The Maria church was one of the five Roman Churches build in the city of Utrecht in the 11th Century on an initiative of emperor Hendrik IV and bisschop Koenraad.
In 1844 the church was demolished; nowadyas only the cloister hallway remains.
The Janskerk or Church of St. John was build in the 11th century. Bisschop Bernold opened the church, one of five churches to form a cross of churches at city of Utrecht.
The original building was constructed in a Roman style with two towers at the West side.
One of the towers collapsed in the 14th century.
In the 16th century a big part of the church was reconstructed in a Gotic style.
After the reformation the practicing of the Catholic religion was forbidden and the church was transformed into the city library.
In 1656 the reformed church bought the building. A heavy storm damged the West side of the church and in 1682 this side and the remaining tower were demolished.
Early 1800 the church was used to house German troups and later for storage of timber.
In 1947 a first restauration was started, but a second one was needed from 1977 till 1981 to rebuild the church in its original Roman style.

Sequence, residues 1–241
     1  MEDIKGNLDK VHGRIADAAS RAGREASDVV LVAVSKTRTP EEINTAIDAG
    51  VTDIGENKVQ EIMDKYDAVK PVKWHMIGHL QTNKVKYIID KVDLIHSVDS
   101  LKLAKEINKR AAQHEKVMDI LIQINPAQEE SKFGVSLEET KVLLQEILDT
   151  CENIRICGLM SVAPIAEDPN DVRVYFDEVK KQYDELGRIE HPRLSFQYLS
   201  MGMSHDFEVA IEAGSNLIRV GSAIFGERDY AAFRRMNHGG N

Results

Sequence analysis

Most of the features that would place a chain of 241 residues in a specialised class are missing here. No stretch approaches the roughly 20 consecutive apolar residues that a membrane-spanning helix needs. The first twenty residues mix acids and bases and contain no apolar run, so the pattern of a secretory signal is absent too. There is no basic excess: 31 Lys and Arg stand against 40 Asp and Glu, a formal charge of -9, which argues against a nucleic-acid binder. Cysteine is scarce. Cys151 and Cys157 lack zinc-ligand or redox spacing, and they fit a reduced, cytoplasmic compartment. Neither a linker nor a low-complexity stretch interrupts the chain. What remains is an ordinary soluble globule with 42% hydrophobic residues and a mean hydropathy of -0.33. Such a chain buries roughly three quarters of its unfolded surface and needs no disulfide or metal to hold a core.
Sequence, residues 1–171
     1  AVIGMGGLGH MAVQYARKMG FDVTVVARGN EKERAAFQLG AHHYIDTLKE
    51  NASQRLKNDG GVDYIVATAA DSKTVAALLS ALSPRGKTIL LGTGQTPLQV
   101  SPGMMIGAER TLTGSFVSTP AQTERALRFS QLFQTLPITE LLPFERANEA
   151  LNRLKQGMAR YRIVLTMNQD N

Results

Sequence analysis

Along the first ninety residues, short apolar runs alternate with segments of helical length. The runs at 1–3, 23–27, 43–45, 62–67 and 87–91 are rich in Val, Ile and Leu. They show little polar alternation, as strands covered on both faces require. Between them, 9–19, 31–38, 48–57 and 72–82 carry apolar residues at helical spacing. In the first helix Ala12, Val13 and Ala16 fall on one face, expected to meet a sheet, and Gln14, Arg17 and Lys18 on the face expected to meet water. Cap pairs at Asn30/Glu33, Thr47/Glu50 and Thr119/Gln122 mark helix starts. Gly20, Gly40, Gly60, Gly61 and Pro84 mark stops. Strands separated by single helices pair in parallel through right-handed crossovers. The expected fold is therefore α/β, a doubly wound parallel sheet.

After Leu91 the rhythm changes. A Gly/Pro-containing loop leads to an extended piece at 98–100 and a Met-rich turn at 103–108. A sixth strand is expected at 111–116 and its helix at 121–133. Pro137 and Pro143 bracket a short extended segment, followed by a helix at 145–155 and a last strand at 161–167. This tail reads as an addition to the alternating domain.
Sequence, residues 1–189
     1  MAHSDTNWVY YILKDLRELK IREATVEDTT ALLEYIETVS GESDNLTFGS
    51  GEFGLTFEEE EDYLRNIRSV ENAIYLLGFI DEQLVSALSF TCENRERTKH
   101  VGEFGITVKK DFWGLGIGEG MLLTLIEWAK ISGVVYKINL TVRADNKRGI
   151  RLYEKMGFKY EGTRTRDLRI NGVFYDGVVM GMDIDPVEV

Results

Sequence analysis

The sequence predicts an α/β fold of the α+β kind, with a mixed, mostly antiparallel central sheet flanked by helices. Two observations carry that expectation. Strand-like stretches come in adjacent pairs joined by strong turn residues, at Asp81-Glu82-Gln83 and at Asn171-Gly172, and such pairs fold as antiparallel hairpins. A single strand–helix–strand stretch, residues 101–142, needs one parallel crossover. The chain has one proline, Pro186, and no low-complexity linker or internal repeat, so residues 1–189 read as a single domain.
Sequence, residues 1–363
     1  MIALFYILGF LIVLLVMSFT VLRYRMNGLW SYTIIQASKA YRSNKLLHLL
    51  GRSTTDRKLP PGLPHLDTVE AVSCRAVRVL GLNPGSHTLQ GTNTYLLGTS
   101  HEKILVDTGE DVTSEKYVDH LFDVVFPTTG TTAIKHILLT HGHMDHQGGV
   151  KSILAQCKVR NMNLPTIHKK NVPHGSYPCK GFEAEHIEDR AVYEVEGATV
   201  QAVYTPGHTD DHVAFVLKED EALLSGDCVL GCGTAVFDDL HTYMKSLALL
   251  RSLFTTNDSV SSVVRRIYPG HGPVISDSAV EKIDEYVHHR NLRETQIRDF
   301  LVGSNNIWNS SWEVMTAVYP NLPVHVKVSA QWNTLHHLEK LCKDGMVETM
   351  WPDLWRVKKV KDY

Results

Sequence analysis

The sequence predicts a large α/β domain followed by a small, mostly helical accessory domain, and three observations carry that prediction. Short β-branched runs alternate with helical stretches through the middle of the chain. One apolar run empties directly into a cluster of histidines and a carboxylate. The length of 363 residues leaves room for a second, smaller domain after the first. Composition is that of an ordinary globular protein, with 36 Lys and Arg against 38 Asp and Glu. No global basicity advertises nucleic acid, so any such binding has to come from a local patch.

During the high season the Janskerk is open to visitors:
Tu - Fr: Noon - 5PM
Sa: Noon - 4.30PM
On sundays their are holy services in the church.
This was the first church that we "met" after our arrival in Utrecht. She sports quite a combination of styles. The facade of this church is in Renaissance style, but the church is in fact one of Utrecht's oldest, dating from ca. 1040. There are regularly concerts held here in this church, as well as other events from time to time. The interior is rather bland but gives a good basic idea of Romanesque architectural principles.
There are 5 main churches in Utrecht, they form a churchcross together. The Domchurch is in the middle, the northpoint is the Janskerk and east is the Pieterskerk. The ones in the south and west respectively Paulusabdij and Mariakerk are gone. The other churches are very old and worth a visit.